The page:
Woman sitting on pink couch holding a water bottle to her belly in one hand, and the other holding a mug

The Benefits of Taking Vitamin D and Calcium for PMS

Key Takeaways:

  • Calcium and Vitamin D May assist to keep PMS at a manageable level

  • Calcium plays a big part in a comfortable monthly cycle

  • Calcium is needed to maintain healthy muscle contraction.

  • Omega-3s in addition to calcium helps maintain muscle cramping associated with PMS

Women hold a unique role in society – they are often the caretaker of the family, in charge of managing their own lives while also helping those around them. What puts women in this position? An easy answer is their reproductive system. Once a woman’s body hits a certain maturation, the body naturally begins to prepare for pregnancy. When no pregnancy occurs, menstruation (a period) occurs as part of a woman’s monthly menstrual cycle instead. Every woman – whether you’re a mother, daughter, wife, sister, grandmother, etc. – has been impacted by a period in one way or another. Sometimes a period is positive, as it’s the thing that allows a woman to become a mother, whereas other times a period can be negative, causing extreme monthly discomfort for those not trying to get pregnant. This discomfort is often referred to as PMS (Premenstrual Syndrome).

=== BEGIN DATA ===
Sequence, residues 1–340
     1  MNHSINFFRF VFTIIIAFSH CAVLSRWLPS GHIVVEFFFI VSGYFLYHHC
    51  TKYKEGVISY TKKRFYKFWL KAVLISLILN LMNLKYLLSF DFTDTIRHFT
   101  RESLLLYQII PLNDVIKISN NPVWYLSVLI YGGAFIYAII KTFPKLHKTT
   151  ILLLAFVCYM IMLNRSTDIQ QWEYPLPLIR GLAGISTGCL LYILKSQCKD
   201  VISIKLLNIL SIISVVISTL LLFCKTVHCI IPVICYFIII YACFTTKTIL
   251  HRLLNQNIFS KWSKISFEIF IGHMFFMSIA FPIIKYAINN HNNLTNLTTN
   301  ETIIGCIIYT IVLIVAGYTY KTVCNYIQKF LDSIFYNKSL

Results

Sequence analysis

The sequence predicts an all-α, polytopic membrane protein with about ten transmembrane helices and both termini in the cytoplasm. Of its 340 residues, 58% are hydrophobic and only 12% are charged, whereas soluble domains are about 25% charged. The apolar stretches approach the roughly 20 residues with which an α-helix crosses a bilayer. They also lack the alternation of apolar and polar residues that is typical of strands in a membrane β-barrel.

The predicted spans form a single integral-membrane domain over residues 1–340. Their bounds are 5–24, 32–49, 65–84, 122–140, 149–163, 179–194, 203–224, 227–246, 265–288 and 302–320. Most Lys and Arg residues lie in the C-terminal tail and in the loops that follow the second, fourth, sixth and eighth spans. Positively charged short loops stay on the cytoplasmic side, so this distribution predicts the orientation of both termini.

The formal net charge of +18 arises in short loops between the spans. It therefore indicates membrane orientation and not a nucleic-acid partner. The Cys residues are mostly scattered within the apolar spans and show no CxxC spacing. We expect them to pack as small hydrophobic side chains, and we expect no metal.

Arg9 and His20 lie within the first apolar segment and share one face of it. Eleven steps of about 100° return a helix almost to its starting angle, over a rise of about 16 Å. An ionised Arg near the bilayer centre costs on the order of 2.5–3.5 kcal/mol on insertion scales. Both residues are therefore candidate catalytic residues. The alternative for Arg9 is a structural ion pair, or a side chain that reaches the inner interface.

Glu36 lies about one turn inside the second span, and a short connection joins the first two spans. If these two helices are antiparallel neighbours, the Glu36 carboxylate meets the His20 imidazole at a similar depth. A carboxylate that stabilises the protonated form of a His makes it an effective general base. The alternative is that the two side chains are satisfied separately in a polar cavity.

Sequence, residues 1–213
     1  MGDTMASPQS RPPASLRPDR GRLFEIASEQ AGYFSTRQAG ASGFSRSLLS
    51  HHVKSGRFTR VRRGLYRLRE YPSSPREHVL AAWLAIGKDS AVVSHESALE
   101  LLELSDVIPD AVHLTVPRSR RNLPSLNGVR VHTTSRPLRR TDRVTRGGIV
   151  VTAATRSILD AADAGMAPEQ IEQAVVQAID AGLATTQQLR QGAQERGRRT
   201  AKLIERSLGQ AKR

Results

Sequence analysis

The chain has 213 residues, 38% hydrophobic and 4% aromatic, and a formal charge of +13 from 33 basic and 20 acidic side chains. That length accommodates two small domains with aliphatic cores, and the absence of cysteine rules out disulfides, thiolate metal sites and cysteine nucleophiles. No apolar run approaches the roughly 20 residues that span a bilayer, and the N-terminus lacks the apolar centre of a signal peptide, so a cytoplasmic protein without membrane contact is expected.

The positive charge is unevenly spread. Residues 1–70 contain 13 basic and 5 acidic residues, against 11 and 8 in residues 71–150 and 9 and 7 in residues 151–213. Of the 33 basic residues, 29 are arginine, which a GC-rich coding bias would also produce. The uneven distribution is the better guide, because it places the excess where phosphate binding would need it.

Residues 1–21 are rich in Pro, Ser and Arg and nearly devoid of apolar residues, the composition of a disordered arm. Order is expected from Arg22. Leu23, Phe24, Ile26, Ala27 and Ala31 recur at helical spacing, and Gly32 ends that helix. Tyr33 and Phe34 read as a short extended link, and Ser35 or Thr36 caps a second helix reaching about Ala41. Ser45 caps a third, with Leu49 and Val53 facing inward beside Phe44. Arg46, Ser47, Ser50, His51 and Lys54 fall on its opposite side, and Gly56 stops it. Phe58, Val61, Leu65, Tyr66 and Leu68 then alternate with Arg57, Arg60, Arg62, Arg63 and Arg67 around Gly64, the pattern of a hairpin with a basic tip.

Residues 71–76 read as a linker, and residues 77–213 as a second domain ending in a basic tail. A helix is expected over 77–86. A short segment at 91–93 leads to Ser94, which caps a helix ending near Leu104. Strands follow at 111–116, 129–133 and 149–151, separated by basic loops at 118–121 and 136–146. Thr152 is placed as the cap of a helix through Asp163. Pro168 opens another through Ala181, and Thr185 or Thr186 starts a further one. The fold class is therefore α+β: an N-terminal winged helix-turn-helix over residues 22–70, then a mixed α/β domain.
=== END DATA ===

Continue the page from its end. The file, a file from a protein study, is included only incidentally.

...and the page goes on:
Calcium for PMS

Young woman holding a marked calendarPMS affects millions of women in many ways; 70-90% of reproductive age women have reported some type of PMS symptom. Several studies suggest that using specific supplements, including calcium and vitamin D, may provide necessary nutrients to help maintain a comfortable level of PMS. Why? Well, female calcium and vitamin D levels fluctuate monthly as estrogen does its thing throughout the menstrual cycle. Specifically for women with PMS symptoms, calcium seems to drop more sharply at ovulation. Drops in calcium affect PMS symptoms because ovulation uses calcium for two big jobs during this time of the month: 1) supporting the transportation of oxygen and hormones through the circulatory system and 2) supporting the muscular system with healthy muscle contraction and relaxation.  

Calcium and Muscle Contraction